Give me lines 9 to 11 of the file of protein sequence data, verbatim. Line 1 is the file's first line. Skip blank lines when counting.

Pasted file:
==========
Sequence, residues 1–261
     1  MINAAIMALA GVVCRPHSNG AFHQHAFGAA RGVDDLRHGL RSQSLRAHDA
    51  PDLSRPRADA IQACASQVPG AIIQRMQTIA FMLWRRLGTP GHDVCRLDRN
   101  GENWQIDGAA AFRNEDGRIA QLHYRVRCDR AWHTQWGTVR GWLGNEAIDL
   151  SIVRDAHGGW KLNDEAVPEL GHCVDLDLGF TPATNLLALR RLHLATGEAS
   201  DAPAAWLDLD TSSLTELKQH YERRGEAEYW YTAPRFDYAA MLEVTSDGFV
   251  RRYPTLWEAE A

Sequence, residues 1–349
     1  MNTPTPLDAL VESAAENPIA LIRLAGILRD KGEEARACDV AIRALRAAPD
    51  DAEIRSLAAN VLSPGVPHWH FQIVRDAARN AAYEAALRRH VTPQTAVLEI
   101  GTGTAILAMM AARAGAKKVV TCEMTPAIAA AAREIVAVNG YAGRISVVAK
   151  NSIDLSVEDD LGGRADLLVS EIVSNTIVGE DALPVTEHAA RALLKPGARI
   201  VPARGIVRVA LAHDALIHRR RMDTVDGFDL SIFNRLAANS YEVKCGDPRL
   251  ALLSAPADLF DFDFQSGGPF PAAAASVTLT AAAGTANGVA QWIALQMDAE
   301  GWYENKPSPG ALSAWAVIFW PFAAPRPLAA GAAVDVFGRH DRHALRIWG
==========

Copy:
     1  MNTPTPLDAL VESAAENPIA LIRLAGILRD KGEEARACDV AIRALRAAPD
    51  DAEIRSLAAN VLSPGVPHWH FQIVRDAARN AAYEAALRRH VTPQTAVLEI
   101  GTGTAILAMM AARAGAKKVV TCEMTPAIAA AAREIVAVNG YAGRISVVAK